Tax cuts – The income-tax cuts signed into law by Gov. Sam Brownback place a huge bet on a discredited economic theory. Organizations including the Kansas Chamber of Commerce, Americans for Prosperity and the Kansas Policy Institute – all three Koch-backed – rallied behind the governor’s decision. But voices from teachers, social service workers, local government, law enforcement, corrections, higher education, community arts associations and rural development agencies were either silent or horrified.
With trademark hubris, Brownback’s administration contends lower taxes will bring enough of a job surge to overcome the loss of revenue. And if hot air and think-tank logic created jobs, everyone would feel a lot better. The truth is, Kansas would need tens of thousands of new jobs almost immediately to overcome the effects of the bill. Kansans have witnessed the stunning act of a governor knowingly jeopardizing the state’s future for the sake of ego and unproven theories.
Brownback’s opponents have taken to characterizing the former U.S. senator’s ideas as failed Washington policies brought back to Kansas – handsome tax cuts for business and the wealthy, creating massive budget deficits. Those claims seem to have some merit. But unlike Washington, Kansas is required to balance the state budget. We can expect that will be done by chopping spending for public schools, roads, services for the elderly, poor and disabled, and everything else in the years to come.
One of the more curious aspects of this session’s tax fight is this: If the governor was so enamored with this tax bill, then why did he spend a great deal of this session trying to get the Senate to pass a version that would cut taxes less? Could there be a risk in cutting taxes this severely? What we hope is that years from now we’ll be writing a mea culpa admitting that the governor and his allies were right. Unfortunately, we don’t think that will be the case.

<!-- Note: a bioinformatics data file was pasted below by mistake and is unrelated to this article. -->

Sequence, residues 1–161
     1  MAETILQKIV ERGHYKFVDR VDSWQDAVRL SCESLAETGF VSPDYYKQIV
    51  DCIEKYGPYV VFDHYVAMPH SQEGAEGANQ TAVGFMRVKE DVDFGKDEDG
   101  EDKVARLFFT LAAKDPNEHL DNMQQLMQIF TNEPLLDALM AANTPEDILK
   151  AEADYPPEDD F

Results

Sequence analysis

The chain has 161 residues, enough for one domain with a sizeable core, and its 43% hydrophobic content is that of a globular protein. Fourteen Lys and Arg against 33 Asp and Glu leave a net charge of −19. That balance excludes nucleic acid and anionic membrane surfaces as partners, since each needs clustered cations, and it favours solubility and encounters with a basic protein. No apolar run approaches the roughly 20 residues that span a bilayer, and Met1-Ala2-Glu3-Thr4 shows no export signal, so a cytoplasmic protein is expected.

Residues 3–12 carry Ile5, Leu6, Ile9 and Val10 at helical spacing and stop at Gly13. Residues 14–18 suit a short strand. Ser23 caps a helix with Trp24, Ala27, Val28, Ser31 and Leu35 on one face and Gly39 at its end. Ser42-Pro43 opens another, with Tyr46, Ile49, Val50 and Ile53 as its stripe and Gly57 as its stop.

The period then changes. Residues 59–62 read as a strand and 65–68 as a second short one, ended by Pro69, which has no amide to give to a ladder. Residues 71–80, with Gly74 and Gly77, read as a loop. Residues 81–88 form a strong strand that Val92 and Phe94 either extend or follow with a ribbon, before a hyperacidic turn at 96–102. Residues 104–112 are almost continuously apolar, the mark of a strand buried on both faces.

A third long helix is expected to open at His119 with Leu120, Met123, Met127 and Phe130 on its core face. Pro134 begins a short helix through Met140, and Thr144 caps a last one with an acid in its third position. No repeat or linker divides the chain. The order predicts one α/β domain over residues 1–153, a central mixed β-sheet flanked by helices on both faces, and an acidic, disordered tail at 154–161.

As House Speaker Mike O’Neal, R-Hutchinson, noted, at least some observers are sure “to be amazed” by the impact of that legislation. It either will be people who are amazed that the supply-side approach to job growth in Kansas actually produced something close to the glowing projections of Gov. Sam Brownback and his supporters, or it will be people who are amazed that Kansas would approve such controversial tax cuts. Time will tell whether Kansas constituents have reason to be proud.
Kansans are left to figure out how a plan that would benefit corporate interests and shortchange others makes sense. The lost revenue would mean programs already pinched by budget cuts – namely social services, schools and public safety – would be hard hit. Rather than give Kansans relief where they need it most – property taxes – such a strategy only would drive up property taxes as communities try to fill funding gaps.
Brownback’s optimistic assumptions are not supported by serious research. But they are supported by the Kansas Chamber of Commerce, Americans for Prosperity, the Club for Growth, the Kansas Policy Institute and former Reagan economic adviser Arthur Laffer. That was enough to push the tax cuts through the conservative-dominated Legislature. In the long run, we believe Brownback’s tax reforms will mimic President Reagan’s. The only beneficiaries will be the wealthy. Everybody else will pick up the tab and suffer the consequences.